With the growing anxiety around the Covid-19 crisis, these positive news stories should help make us all feel a little better, even though they have stemmed from unwanted events. Modern technology has played a part in all of them.
Airborne Nitrogen Dioxide Plummets over China
A positive side effect of the shutdown of travel and reduction in business operations in China has been the considerable improvement in China’s concentrations of nitrogen dioxide, a noxious gas emitted by motor vehicles, power plants, and industrial facilities. The remarkable reduction between January and February periods are indicated below.
One could conclude that worldwide levels of nitrogen dioxide are likely to decrease based on restrictions in the same types of activity elsewhere. At least this is a win for global warming.
To read more on this subject, visit here.
Researchers are making fast progress on a COVID-19 Vaccine
Researchers in China have begun human tests of a potential coronavirus vaccine. Likewise, Scientists in the United States have also begun clinical trials of a vaccine that has been developed by their National Institute of Allergy and Infectious Diseases and the biotech firm Moderna. Another research team at the Kaiser Permanente Washington Research Institute in Seattle is being lead by Dr. Lisa Jackson. In her words “going from not even knowing that this virus was out there … to have any vaccine” in testing in about two months is unprecedented.
Another potential vaccine, made by Inovio Pharmaceuticals, should begin safety trials in the U.S., China and South Korea next month.
An immunologist from Johns Hopkins University is reviving a century-old blood-derived treatment for use in the United States in hopes of slowing the spread of the disease. The technique uses antibodies from the blood plasma or serum of people who have recovered from COVID-19 infection to boost the immunity of newly infected patients and those at risk of contracting the disease.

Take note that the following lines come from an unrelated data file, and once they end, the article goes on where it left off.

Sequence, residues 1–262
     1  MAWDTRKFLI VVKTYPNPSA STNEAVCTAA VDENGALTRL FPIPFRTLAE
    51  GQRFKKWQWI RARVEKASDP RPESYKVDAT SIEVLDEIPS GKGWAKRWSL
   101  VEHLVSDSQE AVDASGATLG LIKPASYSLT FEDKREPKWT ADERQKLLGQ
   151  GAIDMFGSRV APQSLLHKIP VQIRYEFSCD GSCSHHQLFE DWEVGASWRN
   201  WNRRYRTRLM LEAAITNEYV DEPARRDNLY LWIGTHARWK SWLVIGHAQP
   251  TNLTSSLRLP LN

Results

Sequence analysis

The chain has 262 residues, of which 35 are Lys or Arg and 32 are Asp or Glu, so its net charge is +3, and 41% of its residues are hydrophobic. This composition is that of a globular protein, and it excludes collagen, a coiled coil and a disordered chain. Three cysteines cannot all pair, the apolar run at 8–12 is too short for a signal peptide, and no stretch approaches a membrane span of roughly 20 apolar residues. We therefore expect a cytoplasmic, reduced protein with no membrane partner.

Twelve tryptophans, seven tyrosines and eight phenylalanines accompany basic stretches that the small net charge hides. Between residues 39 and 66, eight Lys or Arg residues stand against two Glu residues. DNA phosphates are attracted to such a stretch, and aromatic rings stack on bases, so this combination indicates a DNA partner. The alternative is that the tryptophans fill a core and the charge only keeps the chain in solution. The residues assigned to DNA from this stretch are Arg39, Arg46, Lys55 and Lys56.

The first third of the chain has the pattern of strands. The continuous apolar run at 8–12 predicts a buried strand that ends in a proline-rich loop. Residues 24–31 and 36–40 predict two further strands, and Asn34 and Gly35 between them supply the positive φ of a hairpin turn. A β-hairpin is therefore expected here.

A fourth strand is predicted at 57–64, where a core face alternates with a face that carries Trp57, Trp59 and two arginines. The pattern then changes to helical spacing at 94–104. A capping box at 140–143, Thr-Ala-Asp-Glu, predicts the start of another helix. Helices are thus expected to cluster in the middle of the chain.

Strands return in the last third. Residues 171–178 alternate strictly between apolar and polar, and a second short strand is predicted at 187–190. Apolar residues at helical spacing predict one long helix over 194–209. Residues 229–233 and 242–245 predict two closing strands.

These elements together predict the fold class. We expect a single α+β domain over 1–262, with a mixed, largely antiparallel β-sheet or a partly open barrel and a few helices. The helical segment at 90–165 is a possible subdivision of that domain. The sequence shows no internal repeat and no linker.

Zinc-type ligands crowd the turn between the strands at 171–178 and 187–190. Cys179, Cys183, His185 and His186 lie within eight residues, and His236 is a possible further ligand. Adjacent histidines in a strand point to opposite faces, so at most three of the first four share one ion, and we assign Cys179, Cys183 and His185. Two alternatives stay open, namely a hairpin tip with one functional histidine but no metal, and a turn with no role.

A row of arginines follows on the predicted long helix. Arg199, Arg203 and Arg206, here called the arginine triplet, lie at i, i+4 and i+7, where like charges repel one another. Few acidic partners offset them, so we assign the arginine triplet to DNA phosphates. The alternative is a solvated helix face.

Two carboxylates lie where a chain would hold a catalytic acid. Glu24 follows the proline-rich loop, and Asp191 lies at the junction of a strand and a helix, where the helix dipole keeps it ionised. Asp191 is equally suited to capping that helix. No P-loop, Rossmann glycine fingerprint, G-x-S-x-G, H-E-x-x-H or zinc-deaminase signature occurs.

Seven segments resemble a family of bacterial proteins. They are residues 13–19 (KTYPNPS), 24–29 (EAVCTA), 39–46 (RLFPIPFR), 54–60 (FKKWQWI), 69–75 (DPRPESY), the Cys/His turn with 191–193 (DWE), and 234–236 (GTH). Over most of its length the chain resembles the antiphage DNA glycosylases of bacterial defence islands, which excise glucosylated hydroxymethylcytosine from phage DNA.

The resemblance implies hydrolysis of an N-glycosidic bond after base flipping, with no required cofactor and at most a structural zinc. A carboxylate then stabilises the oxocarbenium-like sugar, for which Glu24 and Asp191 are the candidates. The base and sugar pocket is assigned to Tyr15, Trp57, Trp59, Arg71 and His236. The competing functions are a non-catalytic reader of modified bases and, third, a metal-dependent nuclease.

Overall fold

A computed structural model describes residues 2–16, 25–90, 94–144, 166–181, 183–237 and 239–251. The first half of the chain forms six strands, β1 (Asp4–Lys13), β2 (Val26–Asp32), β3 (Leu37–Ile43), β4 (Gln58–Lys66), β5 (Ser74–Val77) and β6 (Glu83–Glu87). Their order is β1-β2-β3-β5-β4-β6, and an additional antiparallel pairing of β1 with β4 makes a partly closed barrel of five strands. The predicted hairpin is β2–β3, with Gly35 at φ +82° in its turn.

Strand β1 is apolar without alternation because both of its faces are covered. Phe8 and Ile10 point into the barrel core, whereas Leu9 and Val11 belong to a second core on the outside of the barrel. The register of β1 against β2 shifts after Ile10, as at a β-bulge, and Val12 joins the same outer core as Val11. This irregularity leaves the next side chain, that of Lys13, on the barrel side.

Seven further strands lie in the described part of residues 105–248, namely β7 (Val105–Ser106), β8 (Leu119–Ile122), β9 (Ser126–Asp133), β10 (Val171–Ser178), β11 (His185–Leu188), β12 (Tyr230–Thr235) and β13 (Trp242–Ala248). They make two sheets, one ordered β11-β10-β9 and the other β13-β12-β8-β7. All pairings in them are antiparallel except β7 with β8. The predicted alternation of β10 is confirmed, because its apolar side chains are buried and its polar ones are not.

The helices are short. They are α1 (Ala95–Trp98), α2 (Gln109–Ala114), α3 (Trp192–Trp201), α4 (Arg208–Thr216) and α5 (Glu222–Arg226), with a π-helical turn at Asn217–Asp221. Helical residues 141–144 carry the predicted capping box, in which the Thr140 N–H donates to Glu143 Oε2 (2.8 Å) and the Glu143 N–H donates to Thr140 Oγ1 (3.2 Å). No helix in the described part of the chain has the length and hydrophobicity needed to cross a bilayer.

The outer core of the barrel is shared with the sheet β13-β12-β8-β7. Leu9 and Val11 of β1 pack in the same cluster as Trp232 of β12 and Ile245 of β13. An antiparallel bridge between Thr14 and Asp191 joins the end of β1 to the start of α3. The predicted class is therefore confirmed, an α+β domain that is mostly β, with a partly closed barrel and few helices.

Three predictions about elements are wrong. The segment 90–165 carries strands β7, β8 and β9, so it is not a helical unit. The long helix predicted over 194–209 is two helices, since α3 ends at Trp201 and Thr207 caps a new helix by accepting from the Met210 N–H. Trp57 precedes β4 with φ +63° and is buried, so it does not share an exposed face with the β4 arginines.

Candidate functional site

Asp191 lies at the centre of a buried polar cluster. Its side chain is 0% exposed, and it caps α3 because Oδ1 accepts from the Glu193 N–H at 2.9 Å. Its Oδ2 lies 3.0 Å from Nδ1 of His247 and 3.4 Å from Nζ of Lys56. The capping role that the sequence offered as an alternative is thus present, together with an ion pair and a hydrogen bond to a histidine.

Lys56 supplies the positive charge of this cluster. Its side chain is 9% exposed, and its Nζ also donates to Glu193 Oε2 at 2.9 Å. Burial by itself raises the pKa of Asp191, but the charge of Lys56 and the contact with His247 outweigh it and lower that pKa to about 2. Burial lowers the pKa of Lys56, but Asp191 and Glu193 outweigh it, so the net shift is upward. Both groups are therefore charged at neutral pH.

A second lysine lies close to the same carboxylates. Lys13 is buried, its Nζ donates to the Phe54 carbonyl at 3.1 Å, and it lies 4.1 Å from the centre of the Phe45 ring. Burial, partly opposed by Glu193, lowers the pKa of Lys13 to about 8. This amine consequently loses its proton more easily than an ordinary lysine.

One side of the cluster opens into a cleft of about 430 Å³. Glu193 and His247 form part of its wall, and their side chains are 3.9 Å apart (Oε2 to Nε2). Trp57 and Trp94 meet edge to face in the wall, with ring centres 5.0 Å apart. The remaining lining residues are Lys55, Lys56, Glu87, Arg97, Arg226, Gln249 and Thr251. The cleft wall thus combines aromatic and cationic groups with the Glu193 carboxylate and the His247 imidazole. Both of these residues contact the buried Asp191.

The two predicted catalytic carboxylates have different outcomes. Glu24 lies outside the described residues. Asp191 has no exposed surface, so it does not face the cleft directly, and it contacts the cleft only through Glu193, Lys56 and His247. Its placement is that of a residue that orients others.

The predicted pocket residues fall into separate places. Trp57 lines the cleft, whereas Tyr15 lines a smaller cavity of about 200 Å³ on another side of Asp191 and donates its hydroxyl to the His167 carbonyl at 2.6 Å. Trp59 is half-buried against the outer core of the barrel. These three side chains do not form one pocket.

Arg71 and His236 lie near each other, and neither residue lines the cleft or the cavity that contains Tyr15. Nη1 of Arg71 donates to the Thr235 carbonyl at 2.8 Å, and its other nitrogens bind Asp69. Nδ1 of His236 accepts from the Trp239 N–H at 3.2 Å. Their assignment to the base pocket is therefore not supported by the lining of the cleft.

At Australia’s University of Queensland Centre for Clinical Research, scientists have found that two different medications, both of which are registered and available in Australia, have completely wiped out traces of the disease in test tubes. Not only that, the drugs were given to some of the nation’s first COVID-19 patients, which resulted in “disappearance of the virus and complete recovery from the infection,” according to researchers.
Scientists from Canada and the Netherlands have also made medical breakthroughs. In Toronto, a team of researchers has isolated the agent responsible for the ongoing outbreak of COVID-19, which will help researchers around the world develop better diagnostic testing, treatments, and vaccines. “Researchers from these world-class institutions came together in a grassroots way to successfully isolate the virus in just a few short weeks,” said Dr. Rob Kozak, clinical microbiologist at Sunnybrook University. “It demonstrates the amazing things that can happen when we collaborate.”
Meanwhile, Dutch researchers have submitted a scientific paper for publishing on how they have identified an anti-body for the virus—and it could be a world-first.
We can all take some comfort in the many research groups around the world who are urgently working to create a vaccine against COVID-19 with record speed.
China is showing signs of recovery
China has celebrated the closure of all 14 of their temporary hospitals in Wuhan which were opened to treat COVID-19. Chinese authorities are saying the virus has passed its peak with only 11 new cases on March 13th on the mainland. These were mostly from international travelers. Parks and tourist attractions are starting to reopen to the public.
Home food deliveries are projected to boom
As restaurants across Canada and the United States are forced to temporarily shut down amidst COVID-19 outbreaks, Uber Eats has announced that they will be waiving delivery fees for 100,000 independent restaurants. “We know the success of every restaurant depends on customer demand,” the company said in a statement. “That’s why we’re working urgently to drive orders towards independent restaurants on Eats, to help make up for the significant slowdown of in-restaurant dining.
This is just one example of companies that are stepping up to help. At BSC, we are offering our clients a free remote connection service for up to 90 days, that allows staff to connect to their office computer from home.